Tag Archives: seeds

I like parcels

It was busy on the lane today. First  we startled a charm of goldfinches, then we had to pull over for the farm telehandler and finally for a post office van as it left the farm.

We already had one parcel, which was delivered to the house on Friday, and there was another waiting for us in the centre. It’s just like Christmas, though I’m not sure that I’d have asked Santa for a pamphlet of sausage recipes or a large poster of pork joints.

It’s a very nice pamphlet, with some mouth-watering pictures and a foreword reminding us about British Sausage Week. I could remain lost in the pamphlet and website for ages – they even have a page on sausage etiquette. I don’t know about you, but my mind is going through a number of possibilities at this point…

The other parcel has our wild flower kits from Kew, including guides, markers, seeds and bee houses. It’s a good scheme and we are going to be using it as one of our main activities – from preparing the beds to reporting on the flowers and the insects they attract. I’m making a new page for projects with a sub-page for Growing Wild. As usual, because I haven’t made a new page for some months, I’ve been struggling to remember how to do it. Fortunately it came back to me.

The group has had a busy morning helping with lambing, collecting eggs, recapturing one of the Light Sussex (which had escaped notice on Friday when we rounded up the other escapees) and looking at the Nottingham Peregrines via the web link.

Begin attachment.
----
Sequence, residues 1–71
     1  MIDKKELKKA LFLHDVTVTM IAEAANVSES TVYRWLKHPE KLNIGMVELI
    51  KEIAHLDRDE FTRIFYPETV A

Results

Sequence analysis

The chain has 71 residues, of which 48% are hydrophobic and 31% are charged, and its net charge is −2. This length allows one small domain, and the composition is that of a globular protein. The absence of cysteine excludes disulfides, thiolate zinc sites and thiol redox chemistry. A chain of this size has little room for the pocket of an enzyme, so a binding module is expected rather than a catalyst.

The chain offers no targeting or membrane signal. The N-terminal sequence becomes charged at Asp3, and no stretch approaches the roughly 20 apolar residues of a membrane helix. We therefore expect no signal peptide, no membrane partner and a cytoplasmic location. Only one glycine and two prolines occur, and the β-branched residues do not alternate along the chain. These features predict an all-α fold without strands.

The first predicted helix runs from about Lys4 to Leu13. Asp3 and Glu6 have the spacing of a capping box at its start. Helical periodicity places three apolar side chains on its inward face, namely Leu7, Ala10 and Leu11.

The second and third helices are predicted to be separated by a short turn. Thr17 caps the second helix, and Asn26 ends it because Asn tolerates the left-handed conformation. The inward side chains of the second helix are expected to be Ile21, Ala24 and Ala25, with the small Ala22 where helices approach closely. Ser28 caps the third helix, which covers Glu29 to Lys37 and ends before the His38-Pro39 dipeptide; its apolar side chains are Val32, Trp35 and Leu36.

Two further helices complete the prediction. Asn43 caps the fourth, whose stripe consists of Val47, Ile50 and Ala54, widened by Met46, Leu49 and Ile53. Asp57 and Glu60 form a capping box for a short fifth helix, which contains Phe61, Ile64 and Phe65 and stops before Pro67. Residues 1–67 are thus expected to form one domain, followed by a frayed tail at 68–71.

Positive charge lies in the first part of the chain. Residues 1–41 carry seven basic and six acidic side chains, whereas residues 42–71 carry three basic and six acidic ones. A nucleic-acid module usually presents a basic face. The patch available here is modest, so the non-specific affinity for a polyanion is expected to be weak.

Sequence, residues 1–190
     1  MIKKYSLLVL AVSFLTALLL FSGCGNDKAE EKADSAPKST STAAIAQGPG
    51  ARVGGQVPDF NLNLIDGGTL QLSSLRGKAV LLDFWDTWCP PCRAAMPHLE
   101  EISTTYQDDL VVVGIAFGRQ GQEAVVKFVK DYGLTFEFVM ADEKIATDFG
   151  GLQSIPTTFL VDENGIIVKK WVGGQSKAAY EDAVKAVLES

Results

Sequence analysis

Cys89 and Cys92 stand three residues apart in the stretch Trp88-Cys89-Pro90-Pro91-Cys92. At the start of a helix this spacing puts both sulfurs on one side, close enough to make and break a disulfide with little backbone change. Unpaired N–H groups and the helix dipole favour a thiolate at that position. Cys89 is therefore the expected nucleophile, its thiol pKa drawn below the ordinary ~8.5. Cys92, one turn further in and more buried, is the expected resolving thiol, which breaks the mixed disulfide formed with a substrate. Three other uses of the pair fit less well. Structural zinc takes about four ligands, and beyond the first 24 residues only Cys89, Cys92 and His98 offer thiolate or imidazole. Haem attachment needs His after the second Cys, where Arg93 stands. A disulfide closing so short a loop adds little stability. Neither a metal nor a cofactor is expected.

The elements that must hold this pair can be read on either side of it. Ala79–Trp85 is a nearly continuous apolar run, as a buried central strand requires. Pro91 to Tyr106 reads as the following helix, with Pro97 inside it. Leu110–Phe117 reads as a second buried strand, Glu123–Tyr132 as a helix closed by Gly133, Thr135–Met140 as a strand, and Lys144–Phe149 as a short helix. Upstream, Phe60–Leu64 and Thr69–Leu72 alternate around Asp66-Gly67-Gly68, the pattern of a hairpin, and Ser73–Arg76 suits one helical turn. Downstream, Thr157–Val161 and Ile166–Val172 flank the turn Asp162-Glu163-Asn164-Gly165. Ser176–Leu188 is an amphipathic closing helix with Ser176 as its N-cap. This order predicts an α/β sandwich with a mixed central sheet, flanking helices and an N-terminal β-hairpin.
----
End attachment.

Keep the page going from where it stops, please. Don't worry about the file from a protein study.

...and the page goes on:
This afternoon we will be putting new bedding in the poultry so they are clean and fresh for our visitors tomorrow, and planting seeds.


The seeds arrive

I learned a valuable lesson when my Fatsia Japonica seeds arrived the day before yesterday, check the planting requirements before ordering.

I have, it seems, committed myself to keeping them warm, then keeping them in the fridge then waiting up to a year. Our fridge is a hazardous place, and my memory is poor, so it looks like the poor things are doomed even before we start.

Everything else looks fairly simple. Good King Henry, and Sorrel seem easy and the bamboo seems simple too, though I’m worried that in the wilds of Nottinghamshire the target of 100 foot high, a foot wide and a growth rate of a foot a day may not be achievable. On the web it says it will do well in any sort of soil apart from clay. We, as luck would have it, are on clay. Ingenuity and compost are likely to feature in the bamboo story.

Meanwhile, the seeds of the tea bush proved to be a little unusual. They are more like nuts than seeds and need soaking, scarifying and refrigerating before they start to grow. Somehow the effort seems justified to grow our sacred national drink, whereas it doesn’t seem worth it for a shrub.


I’m sorry the photograph is upside down but that’s how it’s coming through. Even when I turn the photo upside down before loading, hoping that it will come out right way round, it still comes out upside down. Does anyone know why?

It’s a bigger mystery than the miracle of plant growth.